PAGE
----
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Civil Rights and Race Relations in America and Their Impact on the Lives of African Americans
An I-Team investigation uncovers the ethnic discrepancies at New York's best public schools, and why groups are pushing for a change to the admission exam at schools like Stuyvesant, Bronx Science and Brooklyn Tech. Melissa Russo reports.
A coalition of educational and civil rights groups filed a federal complaint on Thursday saying that black and Hispanic students were disproportionately excluded from New York City’s most selective high schools because of a single-test admittance policy they say is racially discriminatory.
Stuyvesant, long considered the city's most elite public high school, offered spaces to 967 students this year.
19 of those students were black. That's more than double the number of black students admitted the year before.
On Thursday, the NAACP Legal Defense Fund is filing a federal civil rights complaint, challenging the city's admissions process for eight specialized high schools, including Stuyvesant, Bronx Science and Brooklyn Tech.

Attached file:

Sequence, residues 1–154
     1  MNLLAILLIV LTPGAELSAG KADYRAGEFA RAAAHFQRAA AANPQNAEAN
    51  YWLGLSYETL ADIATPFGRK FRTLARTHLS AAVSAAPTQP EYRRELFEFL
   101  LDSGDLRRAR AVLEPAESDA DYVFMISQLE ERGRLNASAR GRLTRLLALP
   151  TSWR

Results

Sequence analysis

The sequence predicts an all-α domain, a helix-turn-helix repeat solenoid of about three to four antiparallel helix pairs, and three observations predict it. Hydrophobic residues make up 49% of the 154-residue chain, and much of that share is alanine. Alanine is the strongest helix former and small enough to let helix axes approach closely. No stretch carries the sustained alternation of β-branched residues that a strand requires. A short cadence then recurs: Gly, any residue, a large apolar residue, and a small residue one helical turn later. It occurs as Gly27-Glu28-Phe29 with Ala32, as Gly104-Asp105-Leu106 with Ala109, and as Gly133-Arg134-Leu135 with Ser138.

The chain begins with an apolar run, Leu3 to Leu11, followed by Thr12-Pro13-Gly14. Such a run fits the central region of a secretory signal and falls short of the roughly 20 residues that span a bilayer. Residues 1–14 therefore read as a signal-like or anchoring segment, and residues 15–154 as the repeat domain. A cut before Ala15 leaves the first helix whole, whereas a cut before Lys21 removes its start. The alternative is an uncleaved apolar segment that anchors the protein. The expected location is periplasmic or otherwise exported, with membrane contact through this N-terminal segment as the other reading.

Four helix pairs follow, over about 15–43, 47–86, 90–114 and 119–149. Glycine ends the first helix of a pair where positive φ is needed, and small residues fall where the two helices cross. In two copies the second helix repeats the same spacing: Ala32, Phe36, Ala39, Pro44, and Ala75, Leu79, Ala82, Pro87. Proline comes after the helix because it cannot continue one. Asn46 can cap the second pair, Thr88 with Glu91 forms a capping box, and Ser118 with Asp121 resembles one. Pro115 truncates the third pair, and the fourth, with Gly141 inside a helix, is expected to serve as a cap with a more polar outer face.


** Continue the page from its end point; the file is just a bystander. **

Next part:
In a significant blow to New York City’s use of stop-and-frisk tactics, the Bronx district attorney’s office is no longer prosecuting people who were stopped at public housing projects and arrested for trespassing, unless the arresting officer is interviewed to ensure that the arrest was warranted.
Statement by Debo P. Adegbile, NAACP LDF Acting Director-Counsel and President in Support of National Voter Registration Day9/25/12
September 25, 2012: National Voter Registration Day